Trusting Trust, DDC, and Free-Libre/Open Source Software (FLOSS)
As I noted in my blog, I’ve just released my dissertation “Fully Countering Trusting Trust through Diverse Double-Compiling (DDC). But what does that mean for Free-Libre/Open Source Software (FLOSS)? In short, it’s fantastic news for FLOSS, but to explain why that’s so, I need to backtrack first.
The “trusting trust” attack is a nasty computer attack that involves creating a subverted compiler in such a way that it even subverts compilers. It was originally reported in a 1974 security evaluation of Multics, but most people heard about it from Ken Thompson’s 1984 Turing Award presentation (Ken Thompson is a creator of Unix). This attack is incredibly nasty, and what’s worse, until now there’s been no effective countermeasure to it. Indeed, some have claimed that it could not ever be countered, making the whole idea of “computer security” a non-starter.
The “trusting trust” attack appears to be especially devastating to FLOSS. The problem is that with the trusting trust attack, the source code that people review does not correspond to the executable that’s actually running, and that seems to completely torpedo the “many eyes” review that FLOSS makes possible. The whole world could carefully review a program’s source code, but it wouldn’t matter if the compiler turns it undetectably into something malicious.
Thankfully, there is an effective countermeasure, which I’ve named Diverse Double-Compiling (DDC). You can see my dissertation which explains what it is, proves that it works, and even demonstrates it with several compilers including GCC. (I will be giving a public defense of it on November 23, 2009, if you’d like to come.) This means that source code review, such as mass review of FLOSS code, can now actually work.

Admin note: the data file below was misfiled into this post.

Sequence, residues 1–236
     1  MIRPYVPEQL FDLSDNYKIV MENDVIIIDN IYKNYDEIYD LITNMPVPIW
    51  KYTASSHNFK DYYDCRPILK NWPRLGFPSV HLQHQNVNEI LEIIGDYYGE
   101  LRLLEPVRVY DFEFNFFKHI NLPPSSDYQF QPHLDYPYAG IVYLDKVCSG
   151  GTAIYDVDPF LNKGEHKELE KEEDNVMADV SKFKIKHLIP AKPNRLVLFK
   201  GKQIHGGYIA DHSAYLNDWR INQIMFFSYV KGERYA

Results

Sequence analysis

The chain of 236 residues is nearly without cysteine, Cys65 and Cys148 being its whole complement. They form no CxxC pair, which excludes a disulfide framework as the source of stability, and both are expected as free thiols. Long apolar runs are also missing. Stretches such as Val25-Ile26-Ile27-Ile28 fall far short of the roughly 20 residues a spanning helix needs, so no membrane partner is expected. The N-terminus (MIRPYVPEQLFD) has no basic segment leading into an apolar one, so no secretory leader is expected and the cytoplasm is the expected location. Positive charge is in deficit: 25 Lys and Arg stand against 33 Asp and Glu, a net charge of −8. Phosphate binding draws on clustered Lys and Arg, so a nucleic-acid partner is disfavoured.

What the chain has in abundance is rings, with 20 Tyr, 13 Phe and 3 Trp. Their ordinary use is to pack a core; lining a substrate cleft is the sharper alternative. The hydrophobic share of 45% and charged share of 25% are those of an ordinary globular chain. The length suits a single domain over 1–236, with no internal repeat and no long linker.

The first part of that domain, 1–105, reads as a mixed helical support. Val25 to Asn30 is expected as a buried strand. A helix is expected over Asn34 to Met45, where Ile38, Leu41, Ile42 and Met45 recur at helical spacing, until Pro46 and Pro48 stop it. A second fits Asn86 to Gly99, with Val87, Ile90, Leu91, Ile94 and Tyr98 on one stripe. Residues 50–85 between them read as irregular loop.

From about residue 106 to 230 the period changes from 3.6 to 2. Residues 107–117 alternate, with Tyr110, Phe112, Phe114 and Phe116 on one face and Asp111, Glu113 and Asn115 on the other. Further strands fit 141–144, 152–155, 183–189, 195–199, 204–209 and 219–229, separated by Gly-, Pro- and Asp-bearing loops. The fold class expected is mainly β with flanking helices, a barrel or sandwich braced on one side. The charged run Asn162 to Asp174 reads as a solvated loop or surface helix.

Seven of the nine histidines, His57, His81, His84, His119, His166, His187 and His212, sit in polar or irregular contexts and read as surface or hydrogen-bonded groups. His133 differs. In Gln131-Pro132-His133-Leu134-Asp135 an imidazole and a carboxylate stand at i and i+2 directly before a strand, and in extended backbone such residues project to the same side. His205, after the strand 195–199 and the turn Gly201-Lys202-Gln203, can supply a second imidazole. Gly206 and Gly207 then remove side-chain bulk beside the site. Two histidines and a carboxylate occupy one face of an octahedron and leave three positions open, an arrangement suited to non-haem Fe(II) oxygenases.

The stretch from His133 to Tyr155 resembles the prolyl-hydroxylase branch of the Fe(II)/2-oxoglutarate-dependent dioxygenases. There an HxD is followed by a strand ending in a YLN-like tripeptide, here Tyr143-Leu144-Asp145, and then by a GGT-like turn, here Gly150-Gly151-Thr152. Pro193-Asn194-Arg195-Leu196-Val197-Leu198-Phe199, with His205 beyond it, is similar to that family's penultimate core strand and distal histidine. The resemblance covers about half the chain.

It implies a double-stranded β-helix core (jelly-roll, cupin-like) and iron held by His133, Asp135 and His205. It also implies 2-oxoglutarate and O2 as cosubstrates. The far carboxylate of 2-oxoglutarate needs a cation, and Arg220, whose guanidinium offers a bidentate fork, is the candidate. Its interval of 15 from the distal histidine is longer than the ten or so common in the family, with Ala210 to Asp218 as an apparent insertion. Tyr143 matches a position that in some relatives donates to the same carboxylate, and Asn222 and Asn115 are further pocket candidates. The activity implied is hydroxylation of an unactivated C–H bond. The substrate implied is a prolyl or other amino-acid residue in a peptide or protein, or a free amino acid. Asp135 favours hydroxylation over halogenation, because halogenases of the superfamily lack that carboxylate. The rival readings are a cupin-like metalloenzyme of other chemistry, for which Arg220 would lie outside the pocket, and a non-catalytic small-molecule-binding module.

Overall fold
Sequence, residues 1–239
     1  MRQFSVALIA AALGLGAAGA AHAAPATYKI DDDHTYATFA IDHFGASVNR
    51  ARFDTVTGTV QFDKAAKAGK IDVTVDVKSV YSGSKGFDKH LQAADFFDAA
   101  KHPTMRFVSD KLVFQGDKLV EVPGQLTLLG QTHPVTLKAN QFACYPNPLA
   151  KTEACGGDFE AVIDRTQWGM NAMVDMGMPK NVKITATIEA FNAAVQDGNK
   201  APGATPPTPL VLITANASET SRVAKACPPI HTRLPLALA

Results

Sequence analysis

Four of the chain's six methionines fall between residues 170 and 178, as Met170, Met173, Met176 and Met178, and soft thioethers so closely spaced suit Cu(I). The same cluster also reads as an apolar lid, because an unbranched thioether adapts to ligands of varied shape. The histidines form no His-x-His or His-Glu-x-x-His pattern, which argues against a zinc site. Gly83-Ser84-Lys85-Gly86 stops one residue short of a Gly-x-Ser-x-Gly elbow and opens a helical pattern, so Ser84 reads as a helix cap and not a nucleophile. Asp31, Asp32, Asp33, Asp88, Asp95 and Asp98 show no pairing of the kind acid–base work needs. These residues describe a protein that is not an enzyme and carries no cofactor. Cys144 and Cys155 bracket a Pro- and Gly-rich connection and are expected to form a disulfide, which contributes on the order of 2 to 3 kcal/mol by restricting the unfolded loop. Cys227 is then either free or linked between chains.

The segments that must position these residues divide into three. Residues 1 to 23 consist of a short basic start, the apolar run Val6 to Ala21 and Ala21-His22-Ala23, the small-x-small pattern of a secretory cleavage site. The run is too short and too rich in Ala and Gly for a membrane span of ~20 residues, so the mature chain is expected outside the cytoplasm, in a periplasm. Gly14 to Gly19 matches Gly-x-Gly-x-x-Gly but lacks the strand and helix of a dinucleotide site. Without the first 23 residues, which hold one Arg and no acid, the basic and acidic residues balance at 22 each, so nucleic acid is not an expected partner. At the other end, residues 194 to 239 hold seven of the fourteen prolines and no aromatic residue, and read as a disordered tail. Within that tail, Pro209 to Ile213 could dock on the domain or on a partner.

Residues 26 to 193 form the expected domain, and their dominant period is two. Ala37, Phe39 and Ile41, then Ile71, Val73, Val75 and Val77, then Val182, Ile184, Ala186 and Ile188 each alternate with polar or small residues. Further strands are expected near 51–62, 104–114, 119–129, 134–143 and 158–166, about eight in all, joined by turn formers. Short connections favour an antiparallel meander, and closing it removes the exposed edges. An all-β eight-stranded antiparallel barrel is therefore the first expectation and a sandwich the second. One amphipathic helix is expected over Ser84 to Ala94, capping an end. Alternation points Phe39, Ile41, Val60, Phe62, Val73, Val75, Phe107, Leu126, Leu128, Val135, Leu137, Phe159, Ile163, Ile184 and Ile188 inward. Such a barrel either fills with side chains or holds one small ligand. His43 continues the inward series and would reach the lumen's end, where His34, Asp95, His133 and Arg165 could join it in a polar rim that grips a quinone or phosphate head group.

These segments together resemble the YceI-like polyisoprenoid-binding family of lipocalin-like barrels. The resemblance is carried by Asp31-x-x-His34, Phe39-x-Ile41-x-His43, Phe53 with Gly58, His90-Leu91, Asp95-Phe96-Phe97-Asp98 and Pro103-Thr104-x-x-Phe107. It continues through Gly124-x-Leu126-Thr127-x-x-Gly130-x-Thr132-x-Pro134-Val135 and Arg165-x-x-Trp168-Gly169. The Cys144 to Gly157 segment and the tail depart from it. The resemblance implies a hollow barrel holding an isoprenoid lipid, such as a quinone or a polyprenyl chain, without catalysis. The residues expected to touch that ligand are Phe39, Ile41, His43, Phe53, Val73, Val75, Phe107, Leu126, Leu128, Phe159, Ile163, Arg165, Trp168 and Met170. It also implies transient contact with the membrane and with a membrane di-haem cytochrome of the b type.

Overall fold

But there’s more, because there’s an interesting catch with DDC. DDC counters the trusting trust attack, but it’s only useful for people who have access to the compiler source code. Fundamentally, DDC is a technique for determining if a compiler executable corresponds with its source code, but only people who have the source code can apply DDC to see if that’s true. What’s more, only people who have access to the source code will find the statement “the source and executable correspond” particularly useful. (You could use trusted intermediaries, but this requires total trust in those intermediaries, making such claims far weaker than claims that anyone can check.) What’s more, DDC is actually useful beyond what we normally think of as compilers, because you can redefine “compiler” as including other parts (such as the operating system). In that case, you can even show that the system’s executables all correspond to their source code. But you can only use DDC to counter the trusting trust attack if you have access to the source code.
So we now have a radical change. Now that DDC has been shown to work, we can see that software with available source code (including FLOSS) has a fundamental security advantage over other software. That doesn’t mean that all FLOSS is more secure than all proprietary software, of course. But FLOSS already had a general security advantage because it better meets Saltzer & Schroeder’s “Open design principle” (as explained in their 1974-1975 papers). Now we have an attack — the trusting trust attack — for which FLOSS has a fundamental security advantage. The time of ignoring FLOSS options, because of misplaced notions that FLOSS cannot be as secure as proprietary software, needs to come to an end.
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